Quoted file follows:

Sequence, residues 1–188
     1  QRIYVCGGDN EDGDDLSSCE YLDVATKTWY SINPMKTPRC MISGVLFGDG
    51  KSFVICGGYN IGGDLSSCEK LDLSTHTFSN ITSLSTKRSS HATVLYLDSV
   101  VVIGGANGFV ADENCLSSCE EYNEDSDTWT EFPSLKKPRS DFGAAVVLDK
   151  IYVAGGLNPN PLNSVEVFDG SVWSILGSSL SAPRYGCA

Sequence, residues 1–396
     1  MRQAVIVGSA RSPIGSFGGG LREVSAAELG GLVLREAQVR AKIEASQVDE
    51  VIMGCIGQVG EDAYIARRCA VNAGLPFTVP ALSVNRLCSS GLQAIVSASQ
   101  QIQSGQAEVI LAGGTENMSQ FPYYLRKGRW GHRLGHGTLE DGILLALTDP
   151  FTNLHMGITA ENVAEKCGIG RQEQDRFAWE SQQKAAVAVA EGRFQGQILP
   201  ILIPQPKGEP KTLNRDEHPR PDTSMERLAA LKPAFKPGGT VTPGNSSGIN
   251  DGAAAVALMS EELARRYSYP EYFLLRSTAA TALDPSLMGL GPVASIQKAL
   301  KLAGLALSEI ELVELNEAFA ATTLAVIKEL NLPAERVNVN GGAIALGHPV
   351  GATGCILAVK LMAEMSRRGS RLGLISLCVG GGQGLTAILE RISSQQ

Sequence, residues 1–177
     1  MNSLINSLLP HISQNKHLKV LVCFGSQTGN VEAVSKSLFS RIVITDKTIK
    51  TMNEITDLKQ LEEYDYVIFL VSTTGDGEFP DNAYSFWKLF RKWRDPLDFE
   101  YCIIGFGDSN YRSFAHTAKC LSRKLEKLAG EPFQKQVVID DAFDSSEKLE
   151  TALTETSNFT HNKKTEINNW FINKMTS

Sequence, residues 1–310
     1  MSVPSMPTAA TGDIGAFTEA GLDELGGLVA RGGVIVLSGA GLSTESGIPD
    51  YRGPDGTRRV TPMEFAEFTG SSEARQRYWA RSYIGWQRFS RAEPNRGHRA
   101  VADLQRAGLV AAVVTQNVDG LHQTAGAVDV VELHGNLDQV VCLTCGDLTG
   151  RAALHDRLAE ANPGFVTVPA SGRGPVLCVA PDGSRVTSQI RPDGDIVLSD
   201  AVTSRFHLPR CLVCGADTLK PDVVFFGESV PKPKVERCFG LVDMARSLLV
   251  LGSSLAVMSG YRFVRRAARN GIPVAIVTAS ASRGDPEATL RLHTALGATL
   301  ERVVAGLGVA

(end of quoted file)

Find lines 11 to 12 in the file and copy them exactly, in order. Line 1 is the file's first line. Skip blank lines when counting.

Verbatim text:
   201  ILIPQPKGEP KTLNRDEHPR PDTSMERLAA LKPAFKPGGT VTPGNSSGIN
   251  DGAAAVALMS EELARRYSYP EYFLLRSTAA TALDPSLMGL GPVASIQKAL